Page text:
Mirliton

Mirliton

[mir-li-ton; Fr. meer-lee-tawn]
Mirliton can mean:

  • A vegetable or its vine, also known as the chayote
  • A class of musical instruments with a membrane that vibrates in the manner of that of a kazoo or the eunuch flute. Can also refer to the membrane itself (see List of musical instruments by Hornbostel-Sachs number). Can refer to other crude musical instruments such as a penny trumpet. It can refer to other toy pipes and noisemakers which produce harsh musical sounds. The French term "mirliton", which appeared in 1745 (possibly originating in a popular song refrain), was a kind of simple children's flute adorned with a spiral of paper.
  • An 18th century hussar hat similar to a tall peak-less shako or tall fez and with a long cloth trail or streamer used until in the middle part of Napoleonic Wars. The term was based on the analogy between the spiral of cloth on the hat and the spiral of paper in the children's flute. See Totenkopf.
  • An company that makes metal miniature figures near Florence, Italy, or the miniatures themselves.
  • A small town in central Haiti (Trou Mirliton)
  • The title of a movement in The Nutcracker Ballet, referring either (in a pun?) to the flute duet in the music or to the reed-pipes (or perhaps eunuch flute?) that the depicted shepherdesses might have played to their flocks. The term is often used to refer to the role of the shepherdess dancer. A further pun might refer to the marzipan that the dance represents and the almonds used in Mirliton pastries.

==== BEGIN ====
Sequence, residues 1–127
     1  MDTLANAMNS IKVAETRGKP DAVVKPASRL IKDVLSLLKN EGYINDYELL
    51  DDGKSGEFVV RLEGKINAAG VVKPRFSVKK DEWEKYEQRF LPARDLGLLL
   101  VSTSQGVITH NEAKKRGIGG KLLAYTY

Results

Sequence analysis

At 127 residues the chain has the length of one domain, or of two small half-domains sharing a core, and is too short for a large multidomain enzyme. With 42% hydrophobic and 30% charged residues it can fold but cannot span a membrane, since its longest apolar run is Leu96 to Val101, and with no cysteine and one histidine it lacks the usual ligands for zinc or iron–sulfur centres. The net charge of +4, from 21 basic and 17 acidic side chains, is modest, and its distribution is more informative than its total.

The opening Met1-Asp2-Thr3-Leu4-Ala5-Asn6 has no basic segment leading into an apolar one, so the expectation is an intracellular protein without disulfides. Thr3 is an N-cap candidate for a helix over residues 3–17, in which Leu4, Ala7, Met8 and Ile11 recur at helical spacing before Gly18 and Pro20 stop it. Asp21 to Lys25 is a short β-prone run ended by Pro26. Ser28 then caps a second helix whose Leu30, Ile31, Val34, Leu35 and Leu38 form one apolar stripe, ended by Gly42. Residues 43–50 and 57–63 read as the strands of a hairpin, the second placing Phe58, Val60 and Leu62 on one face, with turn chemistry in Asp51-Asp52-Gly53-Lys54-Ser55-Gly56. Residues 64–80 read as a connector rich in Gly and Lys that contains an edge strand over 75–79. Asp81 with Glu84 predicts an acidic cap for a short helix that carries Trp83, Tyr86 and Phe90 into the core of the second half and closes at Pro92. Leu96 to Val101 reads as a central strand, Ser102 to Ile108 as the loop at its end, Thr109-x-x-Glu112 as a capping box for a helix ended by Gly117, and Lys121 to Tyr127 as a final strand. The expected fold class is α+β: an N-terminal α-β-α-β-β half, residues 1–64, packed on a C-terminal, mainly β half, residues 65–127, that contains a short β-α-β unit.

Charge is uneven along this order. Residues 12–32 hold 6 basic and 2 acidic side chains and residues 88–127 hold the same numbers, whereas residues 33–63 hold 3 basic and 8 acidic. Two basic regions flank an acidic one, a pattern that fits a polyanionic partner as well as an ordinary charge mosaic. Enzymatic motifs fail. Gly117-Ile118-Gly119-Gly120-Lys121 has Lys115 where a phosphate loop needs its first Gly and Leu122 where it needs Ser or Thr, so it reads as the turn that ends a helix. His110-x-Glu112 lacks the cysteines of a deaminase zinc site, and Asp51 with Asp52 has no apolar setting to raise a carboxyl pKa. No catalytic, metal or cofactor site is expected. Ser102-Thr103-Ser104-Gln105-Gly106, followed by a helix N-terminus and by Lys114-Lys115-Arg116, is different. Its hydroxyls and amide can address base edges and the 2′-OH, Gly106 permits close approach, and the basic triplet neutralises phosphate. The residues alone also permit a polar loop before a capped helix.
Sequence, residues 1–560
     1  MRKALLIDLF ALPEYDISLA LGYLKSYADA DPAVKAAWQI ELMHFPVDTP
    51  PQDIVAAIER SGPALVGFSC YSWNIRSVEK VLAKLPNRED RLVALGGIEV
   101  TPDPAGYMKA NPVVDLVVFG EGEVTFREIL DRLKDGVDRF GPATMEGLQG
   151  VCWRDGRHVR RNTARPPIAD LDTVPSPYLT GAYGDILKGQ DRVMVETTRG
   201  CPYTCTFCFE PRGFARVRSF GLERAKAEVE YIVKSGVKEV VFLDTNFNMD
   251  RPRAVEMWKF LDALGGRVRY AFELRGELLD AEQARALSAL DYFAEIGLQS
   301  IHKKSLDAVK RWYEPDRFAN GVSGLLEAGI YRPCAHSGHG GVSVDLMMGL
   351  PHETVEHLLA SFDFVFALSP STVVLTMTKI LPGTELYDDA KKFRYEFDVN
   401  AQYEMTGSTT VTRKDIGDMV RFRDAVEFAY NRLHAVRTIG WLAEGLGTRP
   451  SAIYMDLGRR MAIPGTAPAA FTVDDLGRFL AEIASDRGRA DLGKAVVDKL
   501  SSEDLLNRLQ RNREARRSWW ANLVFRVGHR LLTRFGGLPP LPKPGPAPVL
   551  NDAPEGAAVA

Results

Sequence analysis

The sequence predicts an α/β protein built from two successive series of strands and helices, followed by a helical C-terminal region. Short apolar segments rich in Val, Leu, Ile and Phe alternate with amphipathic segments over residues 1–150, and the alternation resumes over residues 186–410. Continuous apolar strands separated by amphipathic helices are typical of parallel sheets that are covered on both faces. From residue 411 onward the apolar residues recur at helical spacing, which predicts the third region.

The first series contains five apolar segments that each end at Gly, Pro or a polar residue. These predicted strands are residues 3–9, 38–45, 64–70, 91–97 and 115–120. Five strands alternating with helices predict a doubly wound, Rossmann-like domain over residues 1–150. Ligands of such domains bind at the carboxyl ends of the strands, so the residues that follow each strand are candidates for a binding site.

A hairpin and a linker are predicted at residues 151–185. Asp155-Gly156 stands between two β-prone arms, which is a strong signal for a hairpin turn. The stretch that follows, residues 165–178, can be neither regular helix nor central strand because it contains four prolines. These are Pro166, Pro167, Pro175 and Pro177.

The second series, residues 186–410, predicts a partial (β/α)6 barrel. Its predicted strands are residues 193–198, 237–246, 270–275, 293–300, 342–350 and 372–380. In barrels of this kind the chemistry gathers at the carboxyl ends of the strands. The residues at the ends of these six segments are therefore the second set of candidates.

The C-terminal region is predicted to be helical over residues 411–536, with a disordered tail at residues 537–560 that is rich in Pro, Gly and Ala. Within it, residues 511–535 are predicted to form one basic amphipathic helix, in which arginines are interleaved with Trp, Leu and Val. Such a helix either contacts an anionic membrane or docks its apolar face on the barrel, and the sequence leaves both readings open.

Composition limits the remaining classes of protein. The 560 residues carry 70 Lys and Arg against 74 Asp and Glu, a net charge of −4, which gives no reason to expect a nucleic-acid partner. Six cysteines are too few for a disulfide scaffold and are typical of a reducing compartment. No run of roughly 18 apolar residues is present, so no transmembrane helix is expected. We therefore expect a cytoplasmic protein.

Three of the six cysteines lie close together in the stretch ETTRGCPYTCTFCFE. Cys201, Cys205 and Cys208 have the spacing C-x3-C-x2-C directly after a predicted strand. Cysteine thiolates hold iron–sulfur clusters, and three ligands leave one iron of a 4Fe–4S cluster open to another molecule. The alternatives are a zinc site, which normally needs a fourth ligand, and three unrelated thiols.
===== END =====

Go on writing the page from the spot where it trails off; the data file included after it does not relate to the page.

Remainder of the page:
• A tube-shaped pastry imitative of the shape of a short toy flute (This shape is now more closely associated with a toy siren whistle).
  • A tartlet or biscuit garnished with almond, first produced in Rouen around 1800.
  • A cabaret opened in 1885 by Aristide Bruant in Paris. The intended pun is that mirliton literally means reed-pipe but is German slang for doggerel.
  • The French expression "Vers de mirliton" referring to any bad poetry where its artistic merit has been sacrificed for the sake of getting the verse to rhyme.
  • A cat comic book character created by the French cartoonists Raymond Macherot and Raoul Cauvin. A character in older French literature named Mirliton would be a clownish charlatan, much as a mirliton might be dismissed as a pseudomusical instrument.
  • The common name for a version of the gold "Louis d’or" coin made during Louis XV's reign. Why mirliton? Perhaps: on the back of coin are two letter "L"'s facing and overlapping with each other; the stylized L's are cursive and their line tapers, as if made of ribbon.)
  • A railroad sign used on the french SNCF network

Notes

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